News Update: Korea Tension Flares, Lebanon Violence, Stock Markets Fall, and More


Koreas talk

South Korea’s military on Monday said North Korea continued to prepare for war, moving unusual numbers of troops and submarines to the border. Meanwhile, marathon negotiations between senior officials from the Koreas stretched into a third day. A South Korean Defense Ministry Spokesman said about 70 percent of the North’s submarines and undersea vehicles had left their bases and were undetectable by the South Korean military as of Saturday. He added that the North had doubled the strength of its front-line artillery forces since talks began Saturday evening. Officials described a “tense” mood but refused to provide details of the talks. At issue is a South Korean demand that the North apologize for what Seoul says was a land-mine attack that maimed two South Korean soldiers and was followed by an artillery barrage last week. North Korea denies both attacks and demands that Seoul stop anti-Pyongyang propaganda broadcasts started in retaliation for the land-mine explosions. These are the highest-level talks between the two Koreas in a year.

Lebanon violence

Lebanese Army troops and armored personnel carriers were deployed on the streets of Beirut on Sunday as fighting between police and protesters continued for a second night. The demonstrators were rallying over government corruption and an ongoing rubbish crisis. At least 44 people and 30 police officers were wounded in the violence. Roads were strewn with debris including empty tear gas canisters and firefighters could be seen hosing down buildings that had been set alight. The violence came hours after the Lebanese prime minister hinted he might step down following violent protests on Saturday that injured more than 100 people. The demonstrations, the largest in years to shake tiny Lebanon, seek to upend what protesters see as a corrupt and dysfunctional political system that has no functional Cabinet or parliament, nor a president for more than a year—and has failed to collect the nation’s rubbish.

Yemen rejects ceasefire

Yemen’s Houthi leaders and political allies rejected a ceasefire agreement proposed by the Yemeni president on Sunday, calling it a Saudi-designed plan to force them to surrender. The proposal, dated Thursday, called for the Houthi rebels and allied troops to immediately implement a United Nations Security Council resolution that demands an end to violence and a swift return to UN-led peace talks. The proposal came after pro-government troops, backed by a Saudi-led coalition carrying out airstrikes, regained strategic ground from the rebels, including the southern port of Aden. They now push north toward the capital, Sanaa.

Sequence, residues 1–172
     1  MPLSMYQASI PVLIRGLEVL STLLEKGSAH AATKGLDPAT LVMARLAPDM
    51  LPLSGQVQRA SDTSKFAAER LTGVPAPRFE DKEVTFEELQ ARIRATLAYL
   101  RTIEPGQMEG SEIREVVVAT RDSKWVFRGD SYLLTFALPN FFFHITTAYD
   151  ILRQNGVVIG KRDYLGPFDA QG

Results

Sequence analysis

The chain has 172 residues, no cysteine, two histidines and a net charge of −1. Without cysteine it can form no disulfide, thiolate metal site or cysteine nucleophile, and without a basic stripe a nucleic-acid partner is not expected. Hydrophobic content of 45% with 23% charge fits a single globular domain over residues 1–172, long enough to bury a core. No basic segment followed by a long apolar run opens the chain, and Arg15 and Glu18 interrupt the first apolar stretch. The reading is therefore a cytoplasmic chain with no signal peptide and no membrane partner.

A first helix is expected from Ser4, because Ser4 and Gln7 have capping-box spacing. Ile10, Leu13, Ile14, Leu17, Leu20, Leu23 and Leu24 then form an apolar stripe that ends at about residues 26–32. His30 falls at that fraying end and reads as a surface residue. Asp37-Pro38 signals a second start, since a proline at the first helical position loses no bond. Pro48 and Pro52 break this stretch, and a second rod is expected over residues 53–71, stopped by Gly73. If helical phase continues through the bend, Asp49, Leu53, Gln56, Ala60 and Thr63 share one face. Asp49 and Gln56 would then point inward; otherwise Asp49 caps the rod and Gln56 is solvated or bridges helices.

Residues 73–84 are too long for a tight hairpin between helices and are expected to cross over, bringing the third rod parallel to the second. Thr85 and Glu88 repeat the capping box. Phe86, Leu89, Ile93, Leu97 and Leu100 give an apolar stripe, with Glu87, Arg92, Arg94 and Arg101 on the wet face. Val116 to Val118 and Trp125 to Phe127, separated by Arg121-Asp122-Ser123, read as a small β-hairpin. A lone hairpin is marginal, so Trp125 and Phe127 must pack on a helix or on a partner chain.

Stock markets fall

Asia’s gloom on Monday spread to European markets, which opened with Germany’s dax falling 2.5 percent. Stocks also tumbled elsewhere as China’s main index sank 8.5 percent in tumultuous trading spurred by deepening fears over the slowdown in the world’s second-largest economy. China’s dimming outlook is provoking calls for more economic stimulus from Beijing, though earlier government efforts to stop the hemorrhage appear to have done little to stabilize markets.

Macedonia migrant crisis

Thousands of beleaguered migrants—mostly Syrians, Iraqis and Afghans fleeing bloody conflicts—crammed into trains and buses in Macedonia that brought them one step closer to the European Union on Sunday. On Saturday, they stormed past police trying to block them from entering Macedonia from Greece. On Sunday, the migrants—many with children and babies—boarded trains and buses that took them to the border with Serbia before heading farther north toward EU member Hungary. A razor-wire fence was being built in Hungary on its frontier to prevent migrants from entering. If they manage to enter Hungary, the migrants could travel freely across the borders of most of the 28 EU member states.

Britain reopens embassy

Britain reopened its embassy in Tehran on Sunday after four years of closure following British Foreign Minister Philip Hammond’s visit in Iran and meeting with his Iranian counterpart. Both sides said that the reopening is of great significance in improving the bilateral relations. Meanwhile, the embassy of Iran in London also reopened on Sunday, which was also closed in November 2011.